In the thick of battle, the soldier is busy doing his job. He has the knowledge and confidence that his Job is part of a unified plan to defeat the enemy, but he does not have time to survey a campaign from a fox hole. If he should be wounded and removed behind the lines, he may have even less opportunity to learn what place he and his unit had in the larger fight.
American Forces in Action is a series of documents prepared by the War Department especially for the information of wounded men. It will show these soldiers, who have served their country so well, the part they and their comrades played in achievements which do honor to the record of the United States Army. Merrill’s Marauders is an account of the operations of the 5307 Composite Unit (Provisional) in north Burma from February to May 1944. The Marauders’ effort was part of a coordinated offensive the Allied reconquest of north Burma. Details of the offensive are summarized briefly to set the operations of the 5307 within the larger framework.
On Aug 10, 1944, the 5307th Composite Unit was reorganized as the 475th Infantry Regiment. The combat narrative is based mainly on interviews conducted by the historian of the 5307 after the operation and on information furnished the Historical Branch, G-2, War Department, by the Commanding General and several members of the unit. Few records were available because the Marauders restricted their files in order to maintain mobility while they were operating behind the Japanese lines. During the second mission, a Japanese artillery shell scored a direct hit on the mule carrying the limited quantity of records and maps kept by the unit headquarters.
During the third mission, the heavy rains made the preservation of papers impossible for more than a day or two. The unit’s intelligence officer was killed at Myitkyina, and his records were washed away before they could be located. The manuscript was submitted by the Historical Section of the India-Burma Theater.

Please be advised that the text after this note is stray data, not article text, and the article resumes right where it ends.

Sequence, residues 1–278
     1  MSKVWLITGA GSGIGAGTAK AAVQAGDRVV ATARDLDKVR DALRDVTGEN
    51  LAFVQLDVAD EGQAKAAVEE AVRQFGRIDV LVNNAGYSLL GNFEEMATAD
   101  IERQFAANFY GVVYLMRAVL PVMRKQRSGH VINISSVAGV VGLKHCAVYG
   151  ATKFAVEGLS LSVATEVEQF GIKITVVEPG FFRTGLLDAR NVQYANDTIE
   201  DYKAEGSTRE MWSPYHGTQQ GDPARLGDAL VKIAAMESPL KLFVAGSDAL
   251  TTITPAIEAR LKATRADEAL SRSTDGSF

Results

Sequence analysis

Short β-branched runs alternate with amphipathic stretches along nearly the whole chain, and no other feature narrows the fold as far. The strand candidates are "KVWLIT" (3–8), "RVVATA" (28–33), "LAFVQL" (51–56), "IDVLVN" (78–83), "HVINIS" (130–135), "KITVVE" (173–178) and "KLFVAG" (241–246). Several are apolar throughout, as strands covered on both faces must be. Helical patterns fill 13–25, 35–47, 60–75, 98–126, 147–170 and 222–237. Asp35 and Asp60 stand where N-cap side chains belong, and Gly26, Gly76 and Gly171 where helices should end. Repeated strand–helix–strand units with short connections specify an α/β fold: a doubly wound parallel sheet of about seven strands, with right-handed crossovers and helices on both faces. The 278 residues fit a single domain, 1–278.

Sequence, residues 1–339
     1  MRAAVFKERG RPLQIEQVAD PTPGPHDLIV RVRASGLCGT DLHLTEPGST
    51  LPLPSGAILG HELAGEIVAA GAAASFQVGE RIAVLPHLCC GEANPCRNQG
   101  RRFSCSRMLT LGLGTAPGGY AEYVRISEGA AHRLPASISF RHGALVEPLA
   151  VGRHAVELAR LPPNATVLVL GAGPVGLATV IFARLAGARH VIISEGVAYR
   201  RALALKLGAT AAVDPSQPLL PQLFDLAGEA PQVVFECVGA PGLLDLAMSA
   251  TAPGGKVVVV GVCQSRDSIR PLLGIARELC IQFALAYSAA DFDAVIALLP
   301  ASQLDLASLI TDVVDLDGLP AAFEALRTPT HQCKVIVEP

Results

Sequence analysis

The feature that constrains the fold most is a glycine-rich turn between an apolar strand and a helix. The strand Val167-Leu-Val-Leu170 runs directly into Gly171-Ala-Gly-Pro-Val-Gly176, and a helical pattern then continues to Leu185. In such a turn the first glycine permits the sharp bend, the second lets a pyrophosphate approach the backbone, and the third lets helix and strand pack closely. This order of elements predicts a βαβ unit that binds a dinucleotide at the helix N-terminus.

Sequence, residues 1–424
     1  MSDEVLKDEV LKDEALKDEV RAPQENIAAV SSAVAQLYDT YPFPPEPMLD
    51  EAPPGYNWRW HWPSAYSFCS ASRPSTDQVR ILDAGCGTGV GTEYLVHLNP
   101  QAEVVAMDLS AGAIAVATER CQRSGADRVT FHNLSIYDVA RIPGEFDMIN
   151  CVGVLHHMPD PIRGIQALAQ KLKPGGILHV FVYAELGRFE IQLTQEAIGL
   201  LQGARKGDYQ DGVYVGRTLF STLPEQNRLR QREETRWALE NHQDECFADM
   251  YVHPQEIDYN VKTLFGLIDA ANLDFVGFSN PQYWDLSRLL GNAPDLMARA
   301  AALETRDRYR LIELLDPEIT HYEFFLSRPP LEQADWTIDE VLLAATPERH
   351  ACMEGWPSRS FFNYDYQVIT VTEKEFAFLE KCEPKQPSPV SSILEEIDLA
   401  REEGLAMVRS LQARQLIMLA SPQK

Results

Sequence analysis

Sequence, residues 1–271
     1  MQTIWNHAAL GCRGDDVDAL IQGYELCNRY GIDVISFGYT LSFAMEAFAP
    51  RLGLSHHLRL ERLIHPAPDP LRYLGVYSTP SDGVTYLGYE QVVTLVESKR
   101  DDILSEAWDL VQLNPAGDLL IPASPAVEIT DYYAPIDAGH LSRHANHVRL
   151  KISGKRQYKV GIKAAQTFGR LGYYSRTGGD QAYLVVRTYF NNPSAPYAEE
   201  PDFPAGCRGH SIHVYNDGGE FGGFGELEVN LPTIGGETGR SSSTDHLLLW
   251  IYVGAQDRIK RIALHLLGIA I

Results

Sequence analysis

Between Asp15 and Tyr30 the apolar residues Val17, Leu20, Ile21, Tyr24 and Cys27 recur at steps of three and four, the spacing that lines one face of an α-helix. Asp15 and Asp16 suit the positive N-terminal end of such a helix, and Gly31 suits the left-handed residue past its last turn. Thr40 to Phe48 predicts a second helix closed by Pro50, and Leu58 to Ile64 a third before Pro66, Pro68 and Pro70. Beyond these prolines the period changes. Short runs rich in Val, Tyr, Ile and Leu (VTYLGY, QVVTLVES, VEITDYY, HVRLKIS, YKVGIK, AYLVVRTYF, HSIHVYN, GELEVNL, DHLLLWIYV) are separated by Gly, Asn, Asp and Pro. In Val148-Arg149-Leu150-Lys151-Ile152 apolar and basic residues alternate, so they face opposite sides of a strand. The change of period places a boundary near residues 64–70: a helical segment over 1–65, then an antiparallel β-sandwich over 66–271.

The 5307 Composite Unit (Provisional) (Code Name: Galahad) of the Army of the United States was organized and trained for (LRPG) Long Range Penetration Group behind enemy lines in Japanese-held Burma. Commanded by Gen Frank D. Merrill, its 2997 officers and men became popularly known as Merrill’s Marauders. From February to May 1944, the operations of the Marauders were closely coordinated with those of the 22nd Chinese Division and the 38th Chinese Division in a drive to recover northern Burma and clear the way for the construction of the Ledo Road, which was to link the Indian railhead at Ledo with the old Burma Road to China.
The Marauders were foot soldiers who marched and fought through jungles and over mountains from the Hukawng Valley in northwestern Burma to Myitkyina on the Irrawaddy River. In 5 major and 30 minor engagements they met and defeated the veteran soldiers of the 18th Japanese Division. Operating in the rear of the main forces of the Japanese, they prepared the way for the southward advance of the Chinese by disorganizing supply lines and communications. The climax of the Marauders’ operations was the capture of the Myitkyina airfield, the only all-weather strip in northern Burma. This was the final victory of the 5307 Composite Unit, which was disbanded in August 1944.